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Epineural neurorrhaphy is a technique whereby the connective tissue around a lacerated nerve is sutured so as to close the gap between the ends.
The word "neurorrhaphy" refers to suturing a divided nerve, whilst "epineural" refers to the connective tissue surrounding the nerves.
The idea of epineural neurorrhaphy is to hold the separated ends of the nerves in apposition in order to give them the best chance of healing. In some respects, this is analogous to putting a plaster cast around a broken limb to allow the end of the fractured bones to knit together.
This technique may be used in general practice as a salvage procedure when lacerated nerves are identified as a complication of a road traffic accident.
In the case of a traumatic injury, nerve damage can be difficult to identify in a cat that is in pain and not bearing weight on a limb because of fractures. A transected nerve may then be detected visually during open repair of the fracture.
Under aseptic conditions and with the patient under general anesthetic, the surgeon identifies and localizes the two ends of the lacerated nerve. Using fine forceps, the ends are drawn together and then fine sutures placed through the connective tissue of the nerve sheath in order to pull the ends together.
If the injury is not fresh, the surgeon needs to debride the exposed ends of the nerve, in order to remove scar tissue. The latter could prove a barrier to the progress of healing cells travelling along the nerve.
There are no hard figures for the success of epineural neurorrhaphy, but it should be regarded as a salvage procedure and hopes of fully recovery kept low key. When successful healing of the nerve progress at around 1mm per day, so it can be several weeks before improvement in sensation to the affected area is noted.
Recovery from the surgery is likely to be governed by the severity of the inciting trauma. Repair of fractured bones or internal injuries sustained during a traffic accident are likely to be the limiting factors and may take weeks to months.
Since the aim of neurorrhaphy is to regain sensation, this implies there is a loss of feeling to the affected area. With this in mind, rest is advisable since the area may easily be further traumatized by the cat being unaware of hazards such as extreme heat or cold, caustic substances, or indeed hazards that could trap a denervated limb.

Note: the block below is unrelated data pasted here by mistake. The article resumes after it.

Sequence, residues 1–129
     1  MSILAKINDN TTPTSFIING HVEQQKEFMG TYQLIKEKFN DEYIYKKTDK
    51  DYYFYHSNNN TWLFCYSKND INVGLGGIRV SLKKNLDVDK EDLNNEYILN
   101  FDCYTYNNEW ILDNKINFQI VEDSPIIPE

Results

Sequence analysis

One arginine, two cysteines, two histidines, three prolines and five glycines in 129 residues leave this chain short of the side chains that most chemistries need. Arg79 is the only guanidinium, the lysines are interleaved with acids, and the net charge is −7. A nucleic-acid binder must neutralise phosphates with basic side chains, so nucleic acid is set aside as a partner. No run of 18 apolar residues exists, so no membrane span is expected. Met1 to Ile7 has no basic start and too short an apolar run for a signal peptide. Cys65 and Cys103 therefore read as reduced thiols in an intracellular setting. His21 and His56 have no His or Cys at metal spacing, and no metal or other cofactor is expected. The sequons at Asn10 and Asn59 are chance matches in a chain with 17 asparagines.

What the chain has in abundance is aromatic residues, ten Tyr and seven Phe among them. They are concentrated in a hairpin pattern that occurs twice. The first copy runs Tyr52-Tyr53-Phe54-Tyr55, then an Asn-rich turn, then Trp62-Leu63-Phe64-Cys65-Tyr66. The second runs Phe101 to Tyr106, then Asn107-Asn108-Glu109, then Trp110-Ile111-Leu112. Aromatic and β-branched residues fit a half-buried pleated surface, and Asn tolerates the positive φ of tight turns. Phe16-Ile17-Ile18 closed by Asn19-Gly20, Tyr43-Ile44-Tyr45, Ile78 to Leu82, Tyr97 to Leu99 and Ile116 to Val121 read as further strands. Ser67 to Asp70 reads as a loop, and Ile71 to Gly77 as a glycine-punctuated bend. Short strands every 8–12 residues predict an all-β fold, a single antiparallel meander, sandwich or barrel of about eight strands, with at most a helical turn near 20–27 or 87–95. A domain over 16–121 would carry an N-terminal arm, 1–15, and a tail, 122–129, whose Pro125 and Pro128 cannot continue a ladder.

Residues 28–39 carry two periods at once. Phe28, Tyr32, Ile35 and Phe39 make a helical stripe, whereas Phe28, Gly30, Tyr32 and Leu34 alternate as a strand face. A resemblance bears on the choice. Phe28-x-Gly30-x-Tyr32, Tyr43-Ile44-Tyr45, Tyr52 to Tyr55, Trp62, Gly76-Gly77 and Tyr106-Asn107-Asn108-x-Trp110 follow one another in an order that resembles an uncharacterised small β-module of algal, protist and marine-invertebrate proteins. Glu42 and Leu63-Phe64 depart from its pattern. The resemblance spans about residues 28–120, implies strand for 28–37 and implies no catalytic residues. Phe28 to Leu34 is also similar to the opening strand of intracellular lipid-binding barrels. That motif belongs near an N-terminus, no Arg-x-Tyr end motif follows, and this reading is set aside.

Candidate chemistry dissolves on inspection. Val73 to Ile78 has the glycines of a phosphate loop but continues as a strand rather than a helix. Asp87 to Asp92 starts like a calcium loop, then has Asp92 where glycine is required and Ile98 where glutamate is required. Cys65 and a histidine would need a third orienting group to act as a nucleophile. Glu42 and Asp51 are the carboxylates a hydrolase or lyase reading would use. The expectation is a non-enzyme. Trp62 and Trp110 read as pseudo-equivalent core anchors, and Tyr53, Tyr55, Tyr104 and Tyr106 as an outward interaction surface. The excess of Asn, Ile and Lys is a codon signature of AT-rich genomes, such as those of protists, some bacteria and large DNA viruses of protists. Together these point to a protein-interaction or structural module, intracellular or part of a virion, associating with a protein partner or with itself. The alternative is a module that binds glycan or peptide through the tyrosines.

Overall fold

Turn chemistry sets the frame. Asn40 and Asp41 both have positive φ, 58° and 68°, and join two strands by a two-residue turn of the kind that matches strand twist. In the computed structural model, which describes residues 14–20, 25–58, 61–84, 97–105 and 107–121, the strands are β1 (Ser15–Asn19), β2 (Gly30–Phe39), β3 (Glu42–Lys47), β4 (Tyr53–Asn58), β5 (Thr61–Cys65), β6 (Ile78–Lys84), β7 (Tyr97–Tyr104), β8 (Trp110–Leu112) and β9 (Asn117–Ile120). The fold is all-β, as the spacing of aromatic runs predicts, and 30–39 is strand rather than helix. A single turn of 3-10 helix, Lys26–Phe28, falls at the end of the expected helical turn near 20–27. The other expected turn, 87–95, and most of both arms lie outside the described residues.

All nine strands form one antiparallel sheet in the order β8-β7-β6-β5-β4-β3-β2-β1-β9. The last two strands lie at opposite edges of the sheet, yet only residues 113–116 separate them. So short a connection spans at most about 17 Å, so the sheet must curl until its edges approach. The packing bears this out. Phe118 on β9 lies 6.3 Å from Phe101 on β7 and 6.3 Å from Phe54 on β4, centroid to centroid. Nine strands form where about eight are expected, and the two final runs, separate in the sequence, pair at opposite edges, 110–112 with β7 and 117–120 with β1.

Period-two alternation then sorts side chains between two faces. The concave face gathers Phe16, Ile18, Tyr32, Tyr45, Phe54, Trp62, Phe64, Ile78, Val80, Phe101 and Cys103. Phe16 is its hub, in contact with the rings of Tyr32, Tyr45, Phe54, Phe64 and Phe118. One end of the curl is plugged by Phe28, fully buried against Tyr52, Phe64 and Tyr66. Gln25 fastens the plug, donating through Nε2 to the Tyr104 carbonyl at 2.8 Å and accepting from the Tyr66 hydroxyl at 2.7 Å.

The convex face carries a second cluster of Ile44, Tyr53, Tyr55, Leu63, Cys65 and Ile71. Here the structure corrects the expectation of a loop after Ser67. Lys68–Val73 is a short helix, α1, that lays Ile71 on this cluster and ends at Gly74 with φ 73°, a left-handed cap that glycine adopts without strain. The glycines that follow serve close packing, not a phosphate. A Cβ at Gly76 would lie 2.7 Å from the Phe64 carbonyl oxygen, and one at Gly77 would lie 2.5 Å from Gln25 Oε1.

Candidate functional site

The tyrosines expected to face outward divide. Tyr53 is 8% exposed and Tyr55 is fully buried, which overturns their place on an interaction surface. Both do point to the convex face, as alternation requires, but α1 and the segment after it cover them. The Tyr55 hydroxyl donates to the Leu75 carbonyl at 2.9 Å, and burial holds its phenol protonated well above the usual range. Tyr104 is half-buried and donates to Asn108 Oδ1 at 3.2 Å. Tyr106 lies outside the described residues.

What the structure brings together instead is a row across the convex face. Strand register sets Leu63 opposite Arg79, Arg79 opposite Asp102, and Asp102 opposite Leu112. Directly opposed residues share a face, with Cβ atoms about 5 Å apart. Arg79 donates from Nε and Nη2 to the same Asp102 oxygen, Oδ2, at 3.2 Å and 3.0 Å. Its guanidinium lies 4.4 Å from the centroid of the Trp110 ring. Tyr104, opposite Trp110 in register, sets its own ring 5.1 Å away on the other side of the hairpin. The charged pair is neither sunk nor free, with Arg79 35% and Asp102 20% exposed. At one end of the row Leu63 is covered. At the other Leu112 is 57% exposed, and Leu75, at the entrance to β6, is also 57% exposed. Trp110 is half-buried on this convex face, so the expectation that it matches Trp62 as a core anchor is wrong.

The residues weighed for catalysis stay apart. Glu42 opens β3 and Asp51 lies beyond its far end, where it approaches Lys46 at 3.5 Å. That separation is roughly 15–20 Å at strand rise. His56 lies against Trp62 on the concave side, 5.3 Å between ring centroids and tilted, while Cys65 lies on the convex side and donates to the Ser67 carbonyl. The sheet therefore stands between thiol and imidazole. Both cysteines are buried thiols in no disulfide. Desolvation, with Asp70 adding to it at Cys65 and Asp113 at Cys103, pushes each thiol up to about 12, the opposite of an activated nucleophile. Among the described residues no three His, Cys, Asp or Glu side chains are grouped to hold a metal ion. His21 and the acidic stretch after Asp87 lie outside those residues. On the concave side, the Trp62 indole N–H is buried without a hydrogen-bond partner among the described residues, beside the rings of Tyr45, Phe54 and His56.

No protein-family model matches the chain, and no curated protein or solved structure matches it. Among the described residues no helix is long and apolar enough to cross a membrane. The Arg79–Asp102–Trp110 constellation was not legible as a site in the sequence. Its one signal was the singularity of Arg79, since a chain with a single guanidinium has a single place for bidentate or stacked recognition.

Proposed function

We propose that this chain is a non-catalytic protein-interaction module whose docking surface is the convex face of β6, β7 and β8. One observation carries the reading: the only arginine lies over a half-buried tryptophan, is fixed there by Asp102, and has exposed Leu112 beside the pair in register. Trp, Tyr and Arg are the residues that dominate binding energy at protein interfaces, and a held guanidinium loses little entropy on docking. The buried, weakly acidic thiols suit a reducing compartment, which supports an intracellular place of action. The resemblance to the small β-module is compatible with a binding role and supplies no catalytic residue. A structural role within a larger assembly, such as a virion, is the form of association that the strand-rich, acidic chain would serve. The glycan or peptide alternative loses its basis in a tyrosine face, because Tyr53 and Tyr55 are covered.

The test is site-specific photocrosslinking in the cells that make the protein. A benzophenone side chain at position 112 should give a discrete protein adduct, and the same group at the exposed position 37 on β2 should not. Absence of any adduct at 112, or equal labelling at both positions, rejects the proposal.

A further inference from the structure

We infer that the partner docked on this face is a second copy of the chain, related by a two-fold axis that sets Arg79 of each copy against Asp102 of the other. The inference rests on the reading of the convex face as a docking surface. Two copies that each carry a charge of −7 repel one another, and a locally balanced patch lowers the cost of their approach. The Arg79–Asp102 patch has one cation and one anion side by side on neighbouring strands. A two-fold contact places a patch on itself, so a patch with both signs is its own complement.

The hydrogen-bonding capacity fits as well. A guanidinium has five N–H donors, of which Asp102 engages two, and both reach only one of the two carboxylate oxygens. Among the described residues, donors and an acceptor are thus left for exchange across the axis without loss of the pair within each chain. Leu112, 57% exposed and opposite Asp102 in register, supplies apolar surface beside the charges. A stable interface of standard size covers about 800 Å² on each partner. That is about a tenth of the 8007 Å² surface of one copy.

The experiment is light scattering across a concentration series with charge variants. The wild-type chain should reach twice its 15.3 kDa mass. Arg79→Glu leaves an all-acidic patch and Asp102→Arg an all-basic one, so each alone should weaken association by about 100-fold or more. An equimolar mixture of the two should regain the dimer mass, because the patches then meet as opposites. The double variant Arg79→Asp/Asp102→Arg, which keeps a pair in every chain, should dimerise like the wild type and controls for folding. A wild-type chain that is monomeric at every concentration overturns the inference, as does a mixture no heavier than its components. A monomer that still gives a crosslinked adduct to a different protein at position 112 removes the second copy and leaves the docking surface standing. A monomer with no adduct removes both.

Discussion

Epineural neurorrhaphy is likely to be carried out as part of a larger surgery for fracture repair or to suture lacerations. As such, these surgeries range from $700 to $4,000 depending on the type of surgery or fracture repair and the methods necessary for reconstruction.
Investigation of different neurorrhaphy techniques is more advanced in human medicine than in veterinary science. In the human field, techniques such as nerve grafts and stem cell therapy are under investigation in order to improve the chances of nerve regeneration.
Unfortunately, nerve healing is notoriously poor. This is because scar tissue formation can disrupt the transmission of nerve signals. Thus, although the nerve is physical joined together, it no longer efficiently conducts the nerve impulse. Other factors that inhibit nerve repair include a changed microclimate around the ends of the damaged nerve which discourage orderly reorganization of the cells.
This is a case of prevention of trauma being preferable to the need for a salvage procedure such as epineural neurorrhaphy. This means taking practical steps to protect the cat from trauma, such as keeping the cat indoors or only allowing them outside under supervision.
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